with heart shapes matching a dress worn by a girl in lewd
positions in one of the Kroger rolls of film. During his
interview, the defendant admitted to having been present when
the photographs were taken of the girl in the multicolored
dress with hearts but denied being the actual photographer.
The detective spoke with a small number of girls whose
identities could be ascertained. He also spoke to their
mothers. One of the girls recounted a photo shoot where the
defendant was described as pulling the girl's bathing
suit bottoms "up her butt crack'" in a way that
made her feel uncomfortable, and that the defendant had
"asked her to show some of her butt.'" In the
same investigator's report, the detective stated that the
photographs from Kroger included those "of a young white
female approximately 8-10 years of age, " and that one
of the photographs showed the defendant with his arm around a
defendant testified at the SORA hearing that he came into
possession of the film by mail from a man in Texas for whom
he was going to build a website. On cross-examination, the
defendant testified that he had photographed girls of all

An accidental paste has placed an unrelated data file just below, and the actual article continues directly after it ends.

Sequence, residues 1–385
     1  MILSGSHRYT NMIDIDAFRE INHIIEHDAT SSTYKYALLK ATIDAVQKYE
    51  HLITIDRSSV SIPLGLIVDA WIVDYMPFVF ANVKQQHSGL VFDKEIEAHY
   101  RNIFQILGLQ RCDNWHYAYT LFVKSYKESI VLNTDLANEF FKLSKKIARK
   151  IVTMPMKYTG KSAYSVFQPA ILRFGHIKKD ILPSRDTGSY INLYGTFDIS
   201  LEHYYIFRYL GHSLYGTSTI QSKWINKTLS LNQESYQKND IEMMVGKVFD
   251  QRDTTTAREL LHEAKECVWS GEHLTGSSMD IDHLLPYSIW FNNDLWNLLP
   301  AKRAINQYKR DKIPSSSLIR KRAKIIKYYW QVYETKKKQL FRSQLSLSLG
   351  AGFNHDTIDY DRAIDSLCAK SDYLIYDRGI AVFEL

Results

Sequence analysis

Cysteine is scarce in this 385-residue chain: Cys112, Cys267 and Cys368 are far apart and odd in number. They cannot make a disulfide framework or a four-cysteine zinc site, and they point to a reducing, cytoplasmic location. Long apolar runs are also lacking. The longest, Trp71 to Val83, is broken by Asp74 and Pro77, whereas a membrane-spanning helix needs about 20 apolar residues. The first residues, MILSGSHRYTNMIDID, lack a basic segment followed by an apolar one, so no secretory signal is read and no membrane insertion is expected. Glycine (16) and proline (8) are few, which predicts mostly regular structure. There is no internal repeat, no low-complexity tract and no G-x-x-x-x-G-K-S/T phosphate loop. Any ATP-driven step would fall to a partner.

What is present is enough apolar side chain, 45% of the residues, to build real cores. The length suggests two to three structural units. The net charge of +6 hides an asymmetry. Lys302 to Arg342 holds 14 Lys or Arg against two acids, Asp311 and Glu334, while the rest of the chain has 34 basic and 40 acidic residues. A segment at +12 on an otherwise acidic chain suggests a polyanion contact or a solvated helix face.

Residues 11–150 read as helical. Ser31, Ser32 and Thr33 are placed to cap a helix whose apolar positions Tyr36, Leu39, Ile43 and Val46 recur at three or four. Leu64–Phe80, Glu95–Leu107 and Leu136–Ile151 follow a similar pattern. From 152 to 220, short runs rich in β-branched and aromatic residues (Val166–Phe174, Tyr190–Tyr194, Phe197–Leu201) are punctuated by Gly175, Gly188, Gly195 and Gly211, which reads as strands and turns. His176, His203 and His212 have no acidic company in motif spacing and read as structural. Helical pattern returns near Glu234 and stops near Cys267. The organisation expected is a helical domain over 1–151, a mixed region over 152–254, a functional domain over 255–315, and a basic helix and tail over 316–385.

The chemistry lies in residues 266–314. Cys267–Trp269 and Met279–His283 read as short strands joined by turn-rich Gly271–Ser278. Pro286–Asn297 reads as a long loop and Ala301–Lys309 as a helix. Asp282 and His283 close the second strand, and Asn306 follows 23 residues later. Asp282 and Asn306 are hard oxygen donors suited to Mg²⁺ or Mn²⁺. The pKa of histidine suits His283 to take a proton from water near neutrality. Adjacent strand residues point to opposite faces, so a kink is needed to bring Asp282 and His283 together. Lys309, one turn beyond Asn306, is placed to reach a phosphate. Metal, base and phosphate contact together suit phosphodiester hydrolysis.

ages at several Atlanta area locations, including girls under
the age of 10, but denied that those photographs were among
the ones for which he was convicted.
defendant's SORA testimony is at odds with statements the
defendant allegedly made to the detective-that he took the
photographs on 10 or 15 of the Kroger rolls, and that he had
"found" the 99 rolls. The defendant's testimony
did not reconcile with the multicolored dress in his car
matching that which was worn by a girl in one of the Kroger
rolls, nor with the Kroger photograph that depicted himself
with an arm around a girl. During his testimony, the
defendant did not contest the use of a false name and phone
number at Kroger, his insistence that Kroger develop
negatives only, and his desire to pick up the negatives
without being called.
defendant's counsel at the SORA hearing challenged the
assessment of points under risk factor 3 (number of victims,
three or more) on the ground that in child pornography cases,
this factor has a tendency to produce an over-assessment of
risk, and risk factor 7 (relationship with the victims) on
the ground that there was no direct contact between the
defendant and the victims. Defense counsel did not challenge
the assessment of points under risk factor 5 (age of victim,
10 or less).
order dated March 25, 2015, the Supreme Court determined that
the People had presented clear and convincing evidence
supporting the assessment of 115 points, which qualified the
defendant as a level three sex offender. The court declined
to grant a downward departure.
appeal, the defendant argues that the evidence against him
was insufficient on the specific ground that the
investigator's report failed to establish risk factors 3
and 5. However, at the SORA hearing, the defendant made no
such arguments, rendering them unpreserved for appellate
review (see CPL 470.05; People v Game,131 A.D.3d 460; People v Patterson,51 A.D.3d 750).
We decline to ...